She lived in the northern parts of Korea before there was a demarcation line. Her life was different than mine … everything about it. Her home, the way she dressed, the food she ate, her peace and her safety.
Mom has never talked much about life in Korea. It was hard there. And it was good too. Born on December 7th in the year of 1933 to Mang, So Chun. That is her father’s name. I’ve never been told her Mom’s name. When Mom was three, her own Mom died. Her Dad remarried sometime in the next years and Mom had half sisters and brothers.
Life quickly changed for Mom. By the time she was 12, her country had split in two. Her family had to leave their home in what became North Korea. They left on foot headed to what is now South Korea. She was one of approximately 900,000 Koreans fleeing their homes.
It was a dangerous time. Mom has told my siblings and me about how they had to hide from the soldiers, how they walked along the water’s edge at night so as not to be heard. She had to help carry one of her half-sisters who was too little to walk.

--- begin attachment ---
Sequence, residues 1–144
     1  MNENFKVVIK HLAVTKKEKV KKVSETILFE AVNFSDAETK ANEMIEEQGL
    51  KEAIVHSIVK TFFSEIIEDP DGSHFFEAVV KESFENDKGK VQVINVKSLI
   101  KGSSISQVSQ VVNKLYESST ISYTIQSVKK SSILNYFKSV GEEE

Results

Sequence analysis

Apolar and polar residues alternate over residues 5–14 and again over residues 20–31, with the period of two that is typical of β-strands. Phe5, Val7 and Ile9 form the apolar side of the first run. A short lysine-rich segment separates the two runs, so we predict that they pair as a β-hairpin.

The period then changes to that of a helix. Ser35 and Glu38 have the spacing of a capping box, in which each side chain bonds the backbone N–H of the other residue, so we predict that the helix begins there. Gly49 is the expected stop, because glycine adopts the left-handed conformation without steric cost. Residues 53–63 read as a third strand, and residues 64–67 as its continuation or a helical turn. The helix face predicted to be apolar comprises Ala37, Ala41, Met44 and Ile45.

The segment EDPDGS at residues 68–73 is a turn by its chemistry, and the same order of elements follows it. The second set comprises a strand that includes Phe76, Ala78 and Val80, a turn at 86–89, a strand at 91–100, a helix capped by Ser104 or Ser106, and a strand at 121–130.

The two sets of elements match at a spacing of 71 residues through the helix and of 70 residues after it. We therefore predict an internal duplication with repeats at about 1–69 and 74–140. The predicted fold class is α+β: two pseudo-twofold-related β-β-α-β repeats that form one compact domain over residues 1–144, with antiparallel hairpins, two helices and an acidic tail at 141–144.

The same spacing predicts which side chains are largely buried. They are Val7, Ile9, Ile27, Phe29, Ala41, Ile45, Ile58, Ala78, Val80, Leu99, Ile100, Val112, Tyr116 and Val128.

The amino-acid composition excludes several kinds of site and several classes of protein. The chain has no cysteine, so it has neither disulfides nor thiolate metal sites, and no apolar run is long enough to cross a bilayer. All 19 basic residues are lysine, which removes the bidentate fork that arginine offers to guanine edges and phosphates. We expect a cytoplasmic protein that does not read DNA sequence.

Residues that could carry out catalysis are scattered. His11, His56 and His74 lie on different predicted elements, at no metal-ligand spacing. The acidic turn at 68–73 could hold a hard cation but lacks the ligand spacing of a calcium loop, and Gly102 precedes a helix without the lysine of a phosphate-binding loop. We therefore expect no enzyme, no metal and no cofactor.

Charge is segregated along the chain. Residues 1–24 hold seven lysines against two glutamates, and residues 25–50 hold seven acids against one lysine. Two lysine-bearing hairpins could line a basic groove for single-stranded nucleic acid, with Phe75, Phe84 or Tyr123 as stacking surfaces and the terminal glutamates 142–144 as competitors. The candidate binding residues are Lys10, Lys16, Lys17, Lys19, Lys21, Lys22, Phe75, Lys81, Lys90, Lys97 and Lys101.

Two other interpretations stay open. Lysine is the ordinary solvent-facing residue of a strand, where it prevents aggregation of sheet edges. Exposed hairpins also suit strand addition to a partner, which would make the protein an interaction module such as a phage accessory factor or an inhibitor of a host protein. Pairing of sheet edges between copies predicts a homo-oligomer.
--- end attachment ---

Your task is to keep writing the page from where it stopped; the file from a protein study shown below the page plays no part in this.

By the time she was 17, the Korean War was in full swing. Hiding was part of her life. At one point, Mom’s Father hid her in the woodpile to keep the soldiers from seeing her.
I feel as though I just can’t even imagine … but then the thought of it brings tears to my eyes.
Eventually, the war was over, but the unsettled country still needed help getting back to a place of peace. American soldiers either remained or were sent there to help keep the peace and make sure violence didn’t break out. One man, Milford Marvin Tognazzini was part of that crew. He and Mang Jung hi met …
The two became one and then to America they came …
That was the spring of 1956.